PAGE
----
My series of seminars in Europe was once again an opportunity to try to present a rich and rather different work from what is usually done in most dojos. As I explained several times during these courses, my teaching is divided into three, more or less equally important, parts. Two of them are widely taught in every dojo of Nihon Tai Jitsu, the first one much more rarely for what I see. Note that if these parts are “equal” in terms of teaching time in our dojo, they are not in my personal practice since the first part must represent roughly 80% of my practice.
What are these three parts? Forging the body, learning traditional techniques and free.
Forging the body is the basis of our training at the Seishin Tanren dojo and I consider it necessary to be able to perform the techniques properly without using unnecessary force. And these two elements together are what allows an adept to reach freedom. Forging is the basis in my opinion, simply because it seems very optimistic to me to try to control the body of a non-complacent person without managing to handle our own first.
In the forging of the body, I consider three main elements:
- The type of body we are looking for (neutral, heavy / light, connected / dissociated, elastic, mobile, etc.) knowing that it is possible to use them together or in succession depending on the situation
- How to move, starting with walking, but also including ukemi
- The work on intention, whether we talk about removing the force at the point of contact or of more “mental” things such as perceiving intention or projecting our own
This is a rather complex topic and clearly not one we can fully go around in just a few hours, which means that I obviously can not go into the details of all parts at every seminar. For some I focus on the most basic elements such as the neutral body (the neutral point before we start moving) and the heavy body (which allows to transmit the force of gravity and which therefore requires a higher level of relaxation, starting with the joints), for others I go into more advanced details of how to connect the different parts of the body, and in rarer cases I get into the more advanced things that do require more advanced conditioning.
Moving properly to remove tension
Moving properly and removing tension in the body is a first step. If we consider that martial arts were designed so that weaker people can face stronger people, it makes little sense that in most of the dojos the techniques need to rely on strength or on the good will of the partner … Just as I find it incoherent to warm up doing push ups while explaining to the students that the proposed practice will allow them to shoot down an opponent that is physically much stronger. If the idea is to face someone stronger physically, potentially armed, and who takes us by surprise, being able to respond with the simple use of muscular force seems rather optimistic.
My understanding is that you need something more. An ability for example to transmit a force much greater than your actual weight or your muscular strength. Or on the contrary an ability to totally remove force so as not to be perceptible. If my practice is more oriented towards the first than towards the second option, I do not think that one of the two options is better than the other.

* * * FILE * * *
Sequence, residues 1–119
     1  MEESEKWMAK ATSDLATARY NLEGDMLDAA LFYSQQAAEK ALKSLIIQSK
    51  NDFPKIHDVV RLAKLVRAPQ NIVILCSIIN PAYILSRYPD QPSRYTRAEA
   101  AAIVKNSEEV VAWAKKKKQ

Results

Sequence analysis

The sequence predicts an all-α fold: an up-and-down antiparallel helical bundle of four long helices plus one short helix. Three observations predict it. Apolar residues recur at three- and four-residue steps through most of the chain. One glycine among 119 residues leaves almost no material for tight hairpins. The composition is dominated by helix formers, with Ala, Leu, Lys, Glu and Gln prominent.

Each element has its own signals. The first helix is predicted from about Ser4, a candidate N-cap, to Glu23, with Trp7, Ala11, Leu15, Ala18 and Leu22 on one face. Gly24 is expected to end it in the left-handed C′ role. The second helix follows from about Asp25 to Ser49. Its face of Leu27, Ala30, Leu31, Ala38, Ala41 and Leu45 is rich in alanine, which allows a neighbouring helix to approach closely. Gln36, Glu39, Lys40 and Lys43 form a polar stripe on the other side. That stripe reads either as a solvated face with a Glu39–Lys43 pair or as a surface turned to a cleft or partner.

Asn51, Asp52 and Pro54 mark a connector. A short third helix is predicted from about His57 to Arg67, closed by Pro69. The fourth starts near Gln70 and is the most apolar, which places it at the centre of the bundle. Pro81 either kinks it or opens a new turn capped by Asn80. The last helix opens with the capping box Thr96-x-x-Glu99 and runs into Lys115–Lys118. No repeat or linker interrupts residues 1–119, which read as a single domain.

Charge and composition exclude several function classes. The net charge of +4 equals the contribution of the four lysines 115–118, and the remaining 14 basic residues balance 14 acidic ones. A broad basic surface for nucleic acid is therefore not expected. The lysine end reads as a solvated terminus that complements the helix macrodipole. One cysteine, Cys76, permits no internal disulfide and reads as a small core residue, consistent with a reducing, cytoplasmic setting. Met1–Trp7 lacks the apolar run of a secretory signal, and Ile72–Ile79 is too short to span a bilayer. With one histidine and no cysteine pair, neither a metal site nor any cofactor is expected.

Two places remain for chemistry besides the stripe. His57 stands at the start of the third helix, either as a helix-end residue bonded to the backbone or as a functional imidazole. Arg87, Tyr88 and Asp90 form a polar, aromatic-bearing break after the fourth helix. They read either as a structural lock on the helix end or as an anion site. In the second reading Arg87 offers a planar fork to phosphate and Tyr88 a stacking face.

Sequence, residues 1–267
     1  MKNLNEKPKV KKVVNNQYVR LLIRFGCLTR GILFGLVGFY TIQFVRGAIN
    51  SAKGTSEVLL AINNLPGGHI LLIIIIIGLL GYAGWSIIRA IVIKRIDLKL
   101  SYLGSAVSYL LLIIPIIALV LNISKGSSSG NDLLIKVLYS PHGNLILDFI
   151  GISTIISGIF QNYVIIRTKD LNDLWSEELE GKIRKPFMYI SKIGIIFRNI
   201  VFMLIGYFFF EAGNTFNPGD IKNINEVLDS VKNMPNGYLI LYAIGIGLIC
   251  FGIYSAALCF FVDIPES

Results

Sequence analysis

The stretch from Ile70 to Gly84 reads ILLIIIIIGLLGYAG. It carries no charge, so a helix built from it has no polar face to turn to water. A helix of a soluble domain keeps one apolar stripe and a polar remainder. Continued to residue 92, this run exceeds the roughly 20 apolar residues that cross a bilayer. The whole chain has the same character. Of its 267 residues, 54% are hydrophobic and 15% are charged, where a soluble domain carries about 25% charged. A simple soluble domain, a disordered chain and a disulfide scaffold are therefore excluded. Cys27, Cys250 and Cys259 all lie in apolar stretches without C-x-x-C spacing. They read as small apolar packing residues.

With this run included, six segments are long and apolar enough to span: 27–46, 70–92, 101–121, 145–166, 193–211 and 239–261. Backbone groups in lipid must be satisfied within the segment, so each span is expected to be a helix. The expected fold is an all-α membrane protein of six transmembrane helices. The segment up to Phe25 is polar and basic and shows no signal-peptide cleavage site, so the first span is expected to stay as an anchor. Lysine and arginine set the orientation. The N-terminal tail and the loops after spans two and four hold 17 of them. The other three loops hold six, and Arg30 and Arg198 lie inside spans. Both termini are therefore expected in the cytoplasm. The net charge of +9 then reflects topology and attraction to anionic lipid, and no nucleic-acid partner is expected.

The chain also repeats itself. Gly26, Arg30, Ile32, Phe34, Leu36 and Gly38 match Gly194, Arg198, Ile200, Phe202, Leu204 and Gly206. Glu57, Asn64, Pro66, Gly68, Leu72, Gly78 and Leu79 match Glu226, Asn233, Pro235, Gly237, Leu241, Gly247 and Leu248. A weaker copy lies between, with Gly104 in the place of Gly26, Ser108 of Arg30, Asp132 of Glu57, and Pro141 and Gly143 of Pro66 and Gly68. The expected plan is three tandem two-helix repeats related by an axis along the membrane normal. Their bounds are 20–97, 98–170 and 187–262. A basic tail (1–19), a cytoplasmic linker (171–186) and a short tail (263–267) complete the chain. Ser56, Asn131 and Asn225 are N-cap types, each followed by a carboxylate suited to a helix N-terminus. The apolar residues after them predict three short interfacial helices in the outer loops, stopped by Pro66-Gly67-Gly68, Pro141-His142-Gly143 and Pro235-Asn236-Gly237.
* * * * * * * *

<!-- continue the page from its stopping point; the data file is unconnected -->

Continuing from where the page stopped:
Kuzushi at the moment of contact
For the same reasons I believe that Kuzushi must take place at the moment of contact, because I believe this moment to be critical. A survival situation is different from what happens in a movie and a fight will not have the opportunity to drag on. A good reason to get it to end very quickly in our favor.
Physically and mentally, I have a taste for the concept of Irimi. Physically by going deep into the distance of the partner, most often by sliding on him. Mentally, by overwhelming the opponent via this entry. In both cases, the opponent must be taken from the very beginning and that’s why I reject as much as possible entries that consist of going out three kilometers away from the opponent and then come back to finish the technique. Going far away from the opponent is most often an opportunity for him to continue his attack.
Kuzushi is also for me something to separate from the “pain”. Strong locks that hurt can be fun up to a point, and they do have a self-fulfillment effect, but I am more and more convinced that having to rely on pain is the sign of a limited practice. If pain can sometimes be a bonus, I do not believe it to be a goal, or even a means. On the contrary, I think this is the best way to stay at the lowest level of practice.
Understanding the essence of Kata
If I do not teach kata and basic techniques in seminar, considering that it is the job of the regional / national technical directors, I often make reference to them because a large part of my practice consists in dissecting these basics again and again and seek to find more meaning in them every day. In particular, I strongly believe that a kata or a technique that does not have any particular meaning has nothing to do in a basic curriculum, and that there must be something to find in there by digging a little.
When I refer to these techniques, I show what for me makes the essence of movement. Whether it is a body or strategic principle, stating that the “usual form” of the kata is a gateway and that when you learn you simply open the door. But it is up to the practitioner to get in and explore what is behind that door.